Saturday, October 8

AirAsia X to be affected by Wuhan coronavirus


AirAsia Group’s average seat per kilometre for China routes contributes approximately 10 to 15 per cent of the total ASK. — AFP photo

KUCHING: AirAsia Group Bhd’s (AirAsia Group) long-haul affiliate AirAsia X Bhd (AirAsia X) could be more affected by the Wuhan coronavirus outbreak compared with the group’s domestic and regional flights.

According to the research team at MIDF Amanah Investment Bank (MIDF Research), based on figures during the 2003 sever acute respiratory syndrome (SARS) outbreak, Malaysia Airports Holdings Bhd’s (MAHB) passenger traffic growth fell by 1.5 per cent year-on-year (y-o-y) to 33.5 million.

The total international passengers at KLIA Main Terminal travelling to an from China declined by 10.7 per cent y-o-y during the same period.

AirAsia Group’s average seat per kilometre (ASK) for China routes contributes approximately 10 to 15 per cent of the total ASK. In comparison with AAGB’s long-haul affiliate, AirAsia X, MIDF Research opined that the ASK for China routes is higher given the non-exposure to Asean.

“Based on our preliminary analysis, we found that capacity catered for destinations in China by AirAsia X make up between 25 and 45 per cent of AirAsia X’s total capacity.

“We understand passengers flying to or from destination in mainland China are given an option for a credit account or full refund.

“Assuming a worst case scenario where all affected passengers opted for a full refund, we estimate that revenue per kilometre (RPK) could decline by nearly as much as 20 to 30 per cent.

“This in turns will reduce AirAsia X’s profit after tax by 27 per cent,” it highlighted.

Nevertheless, based on the previous trend during the SARS outbreak, it pointed out that the passenger traffic at MAHB’s Malaysian airports rebounded 17.8 per cent y-o-y in 2004. Similarly, international passengers from China at KLIA Main Terminal recorded a whopping 75.8 per cent y-o-y growth in 2004.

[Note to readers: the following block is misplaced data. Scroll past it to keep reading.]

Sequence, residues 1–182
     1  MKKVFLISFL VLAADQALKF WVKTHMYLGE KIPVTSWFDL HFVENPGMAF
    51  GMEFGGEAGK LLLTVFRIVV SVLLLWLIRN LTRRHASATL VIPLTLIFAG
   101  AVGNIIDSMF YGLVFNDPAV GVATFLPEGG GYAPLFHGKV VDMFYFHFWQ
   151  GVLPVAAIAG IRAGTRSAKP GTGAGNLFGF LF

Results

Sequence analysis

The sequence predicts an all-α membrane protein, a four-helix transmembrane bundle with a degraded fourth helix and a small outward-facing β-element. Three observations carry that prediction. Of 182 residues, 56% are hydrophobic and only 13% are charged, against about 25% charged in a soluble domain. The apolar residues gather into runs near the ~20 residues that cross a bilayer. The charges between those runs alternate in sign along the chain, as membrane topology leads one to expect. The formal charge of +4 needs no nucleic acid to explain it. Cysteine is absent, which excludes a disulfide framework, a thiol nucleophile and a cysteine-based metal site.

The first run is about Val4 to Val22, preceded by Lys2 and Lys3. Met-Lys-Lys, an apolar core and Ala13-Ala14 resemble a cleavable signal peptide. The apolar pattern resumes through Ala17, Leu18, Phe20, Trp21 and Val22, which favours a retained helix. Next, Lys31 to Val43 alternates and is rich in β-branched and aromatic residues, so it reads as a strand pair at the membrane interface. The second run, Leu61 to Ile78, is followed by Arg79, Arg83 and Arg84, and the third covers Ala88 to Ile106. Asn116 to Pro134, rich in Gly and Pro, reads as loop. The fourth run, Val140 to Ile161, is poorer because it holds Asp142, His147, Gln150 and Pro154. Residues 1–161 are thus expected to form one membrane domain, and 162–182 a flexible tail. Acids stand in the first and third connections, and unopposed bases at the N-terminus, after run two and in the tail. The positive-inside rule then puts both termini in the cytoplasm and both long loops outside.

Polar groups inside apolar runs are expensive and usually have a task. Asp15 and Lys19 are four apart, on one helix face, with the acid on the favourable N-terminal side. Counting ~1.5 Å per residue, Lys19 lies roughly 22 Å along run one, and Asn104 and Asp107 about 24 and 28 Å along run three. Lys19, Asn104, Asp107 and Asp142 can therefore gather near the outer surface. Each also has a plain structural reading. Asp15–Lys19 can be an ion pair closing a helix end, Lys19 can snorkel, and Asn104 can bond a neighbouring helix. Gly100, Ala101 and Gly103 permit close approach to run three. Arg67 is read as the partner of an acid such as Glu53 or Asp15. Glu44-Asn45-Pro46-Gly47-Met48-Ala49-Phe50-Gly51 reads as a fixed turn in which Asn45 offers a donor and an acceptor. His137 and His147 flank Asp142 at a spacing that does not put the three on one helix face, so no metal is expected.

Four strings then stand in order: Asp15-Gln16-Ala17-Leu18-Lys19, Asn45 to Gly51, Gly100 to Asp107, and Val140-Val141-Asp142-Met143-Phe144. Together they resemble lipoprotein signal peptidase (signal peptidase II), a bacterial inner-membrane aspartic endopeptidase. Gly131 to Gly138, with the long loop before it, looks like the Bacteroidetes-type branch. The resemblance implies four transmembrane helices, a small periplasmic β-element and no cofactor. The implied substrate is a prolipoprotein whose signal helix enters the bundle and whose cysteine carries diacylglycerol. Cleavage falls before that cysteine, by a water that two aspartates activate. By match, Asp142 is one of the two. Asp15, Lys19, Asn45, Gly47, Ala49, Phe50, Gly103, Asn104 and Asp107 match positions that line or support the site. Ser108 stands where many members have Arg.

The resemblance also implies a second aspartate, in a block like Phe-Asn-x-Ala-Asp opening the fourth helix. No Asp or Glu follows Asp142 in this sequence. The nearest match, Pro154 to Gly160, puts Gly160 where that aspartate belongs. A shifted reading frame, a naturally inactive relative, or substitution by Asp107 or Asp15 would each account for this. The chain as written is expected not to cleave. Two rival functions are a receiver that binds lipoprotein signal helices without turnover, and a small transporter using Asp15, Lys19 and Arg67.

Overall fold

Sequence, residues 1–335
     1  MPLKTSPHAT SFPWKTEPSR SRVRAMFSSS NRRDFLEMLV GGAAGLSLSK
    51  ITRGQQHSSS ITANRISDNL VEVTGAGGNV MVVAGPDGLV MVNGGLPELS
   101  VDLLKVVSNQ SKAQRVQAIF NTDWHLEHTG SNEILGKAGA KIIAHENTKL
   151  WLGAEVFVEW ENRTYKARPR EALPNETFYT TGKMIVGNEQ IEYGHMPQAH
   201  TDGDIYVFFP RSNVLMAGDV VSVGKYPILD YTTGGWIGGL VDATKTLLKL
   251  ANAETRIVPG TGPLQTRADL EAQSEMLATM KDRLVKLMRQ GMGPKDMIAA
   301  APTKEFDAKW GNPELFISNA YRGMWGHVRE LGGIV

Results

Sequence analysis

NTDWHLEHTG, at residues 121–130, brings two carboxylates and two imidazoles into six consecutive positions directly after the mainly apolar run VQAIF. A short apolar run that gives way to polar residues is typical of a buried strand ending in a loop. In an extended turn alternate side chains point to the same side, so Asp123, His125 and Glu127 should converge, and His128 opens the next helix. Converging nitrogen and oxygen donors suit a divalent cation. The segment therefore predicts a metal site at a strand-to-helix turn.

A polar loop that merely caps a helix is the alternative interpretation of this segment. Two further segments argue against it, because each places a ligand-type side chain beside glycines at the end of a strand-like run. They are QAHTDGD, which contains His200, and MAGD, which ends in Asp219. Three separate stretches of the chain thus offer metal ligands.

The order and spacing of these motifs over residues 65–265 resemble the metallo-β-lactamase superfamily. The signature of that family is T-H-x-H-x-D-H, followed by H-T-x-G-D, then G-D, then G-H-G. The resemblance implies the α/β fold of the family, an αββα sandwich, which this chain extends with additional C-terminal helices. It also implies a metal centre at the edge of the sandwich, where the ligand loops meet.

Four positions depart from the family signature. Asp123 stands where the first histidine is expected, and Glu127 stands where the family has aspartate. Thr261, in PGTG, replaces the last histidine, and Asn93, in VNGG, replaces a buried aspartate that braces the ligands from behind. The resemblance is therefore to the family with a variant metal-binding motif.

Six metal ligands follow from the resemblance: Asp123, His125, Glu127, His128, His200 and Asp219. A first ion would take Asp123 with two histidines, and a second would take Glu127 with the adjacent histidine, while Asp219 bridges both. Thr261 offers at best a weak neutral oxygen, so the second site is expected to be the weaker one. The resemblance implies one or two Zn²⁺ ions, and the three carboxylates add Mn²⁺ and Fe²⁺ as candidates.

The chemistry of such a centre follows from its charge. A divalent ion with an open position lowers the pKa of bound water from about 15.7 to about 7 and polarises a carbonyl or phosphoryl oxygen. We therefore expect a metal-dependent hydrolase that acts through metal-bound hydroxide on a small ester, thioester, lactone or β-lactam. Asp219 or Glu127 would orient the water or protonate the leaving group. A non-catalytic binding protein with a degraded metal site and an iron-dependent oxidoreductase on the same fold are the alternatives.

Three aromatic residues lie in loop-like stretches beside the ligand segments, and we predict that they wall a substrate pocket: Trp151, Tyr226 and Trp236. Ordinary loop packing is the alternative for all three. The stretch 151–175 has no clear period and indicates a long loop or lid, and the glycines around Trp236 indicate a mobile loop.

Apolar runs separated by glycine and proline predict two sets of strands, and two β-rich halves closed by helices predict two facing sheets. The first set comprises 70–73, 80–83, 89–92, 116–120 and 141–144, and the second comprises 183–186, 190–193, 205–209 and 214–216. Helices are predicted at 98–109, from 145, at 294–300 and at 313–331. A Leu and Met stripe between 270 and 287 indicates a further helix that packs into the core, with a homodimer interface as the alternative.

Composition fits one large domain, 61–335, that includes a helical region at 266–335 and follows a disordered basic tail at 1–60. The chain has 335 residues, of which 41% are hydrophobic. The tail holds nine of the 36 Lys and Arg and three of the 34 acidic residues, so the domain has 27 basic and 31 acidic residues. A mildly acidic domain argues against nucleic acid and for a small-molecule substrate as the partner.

“Moreover, we found that during the SARS outbreak between November 2002 and July 2003, passenger traffic took an average of two to three months to normalise.

“For instance in Malaysia, April 2003 saw a huge 30.1 per cent month-on-month (m-o-m) drop to reach the lowest point that year of 1.02 million passengers before increasing 18.1 per cent m-o-m in June 2003 and another 19.6 per cent m-o-m increase in July 2003 to reach back a normal level of 1.48 million passengers.

“As for China, May 2003 saw a 66.7 per cent m-o-m decrease in passengers before advancing 50 per cent m-o-m in June 2003 and another 166.7 per cent m-o-m gain in July 2003. Given that this was nearly 20 years ago, we believe that technological advancements in the healthcare sector will likely contain the disease better,” it commented.

Despite its optimism, MIDF Research noted it still downgraded its call on AirAsia X and it cut its earnings estimates to account for the impact of the Wuhan coronavirus outbreak.

MIDF reduced its FY20 earnings estimates by 15 per cent from RM45.6 million to RM38.7 million. It also downgraded its recommendation of the stock to ‘trading sell’ from ‘neutral’.

“With regard to that, the current pandemic outbreak could potentially derail AirAsia X’s plan to launch the four weekly flights from Kuala Lumpur to Okinawa via Taipei (KUL-TPE-OKA) in 1QFY20.

“This is in addition to the adoption of MFRS 16 will be a hurdle as the majority of AirAsia X’s fleet are leased, with gains from lower amount of interest to be realised beyond the fifth year of the lease term.

“An upside risks for AirAsia X includes a faster-than-expected recovery of the coronavirus outbreak,” it added.